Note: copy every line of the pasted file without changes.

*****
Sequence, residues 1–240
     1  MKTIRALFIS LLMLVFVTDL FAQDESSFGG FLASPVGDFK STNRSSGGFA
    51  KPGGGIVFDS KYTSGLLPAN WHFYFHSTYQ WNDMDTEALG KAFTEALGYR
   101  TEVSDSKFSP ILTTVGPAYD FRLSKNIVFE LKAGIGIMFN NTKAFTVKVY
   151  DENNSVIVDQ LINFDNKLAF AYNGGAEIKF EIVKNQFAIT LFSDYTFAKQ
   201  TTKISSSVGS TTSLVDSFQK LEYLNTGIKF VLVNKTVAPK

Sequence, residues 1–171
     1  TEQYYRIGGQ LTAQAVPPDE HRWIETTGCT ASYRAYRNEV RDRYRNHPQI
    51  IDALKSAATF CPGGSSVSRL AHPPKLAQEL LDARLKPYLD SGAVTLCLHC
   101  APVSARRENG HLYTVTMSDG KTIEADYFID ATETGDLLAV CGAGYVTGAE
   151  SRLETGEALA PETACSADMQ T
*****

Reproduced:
Sequence, residues 1–240
     1  MKTIRALFIS LLMLVFVTDL FAQDESSFGG FLASPVGDFK STNRSSGGFA
    51  KPGGGIVFDS KYTSGLLPAN WHFYFHSTYQ WNDMDTEALG KAFTEALGYR
   101  TEVSDSKFSP ILTTVGPAYD FRLSKNIVFE LKAGIGIMFN NTKAFTVKVY
   151  DENNSVIVDQ LINFDNKLAF AYNGGAEIKF EIVKNQFAIT LFSDYTFAKQ
   201  TTKISSSVGS TTSLVDSFQK LEYLNTGIKF VLVNKTVAPK

Sequence, residues 1–171
     1  TEQYYRIGGQ LTAQAVPPDE HRWIETTGCT ASYRAYRNEV RDRYRNHPQI
    51  IDALKSAATF CPGGSSVSRL AHPPKLAQEL LDARLKPYLD SGAVTLCLHC
   101  APVSARRENG HLYTVTMSDG KTIEADYFID ATETGDLLAV CGAGYVTGAE
   151  SRLETGEALA PETACSADMQ T